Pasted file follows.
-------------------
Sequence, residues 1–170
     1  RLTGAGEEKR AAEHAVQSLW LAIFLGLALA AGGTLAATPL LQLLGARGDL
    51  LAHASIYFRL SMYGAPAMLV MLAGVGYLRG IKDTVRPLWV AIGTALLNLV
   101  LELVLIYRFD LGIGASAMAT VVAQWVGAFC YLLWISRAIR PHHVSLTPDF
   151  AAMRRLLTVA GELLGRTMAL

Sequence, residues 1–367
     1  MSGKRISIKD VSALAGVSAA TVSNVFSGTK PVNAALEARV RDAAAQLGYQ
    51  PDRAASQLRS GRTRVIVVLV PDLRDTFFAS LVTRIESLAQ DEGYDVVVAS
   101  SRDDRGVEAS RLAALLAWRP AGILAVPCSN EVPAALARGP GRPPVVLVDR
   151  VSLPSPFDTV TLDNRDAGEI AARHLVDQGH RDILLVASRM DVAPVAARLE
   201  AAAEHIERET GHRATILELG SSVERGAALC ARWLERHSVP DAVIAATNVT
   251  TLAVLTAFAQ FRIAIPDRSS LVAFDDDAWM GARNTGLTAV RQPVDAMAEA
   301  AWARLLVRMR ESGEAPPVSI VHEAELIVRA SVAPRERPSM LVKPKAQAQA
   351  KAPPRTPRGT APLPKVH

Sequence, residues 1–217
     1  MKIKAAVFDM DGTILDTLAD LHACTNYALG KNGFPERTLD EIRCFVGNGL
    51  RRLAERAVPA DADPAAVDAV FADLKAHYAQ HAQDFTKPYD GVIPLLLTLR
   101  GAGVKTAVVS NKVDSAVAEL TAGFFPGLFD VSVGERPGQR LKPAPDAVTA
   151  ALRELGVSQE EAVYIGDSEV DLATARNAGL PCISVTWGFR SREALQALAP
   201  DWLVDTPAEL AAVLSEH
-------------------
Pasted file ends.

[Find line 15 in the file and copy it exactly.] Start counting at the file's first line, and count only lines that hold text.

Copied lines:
Sequence, residues 1–217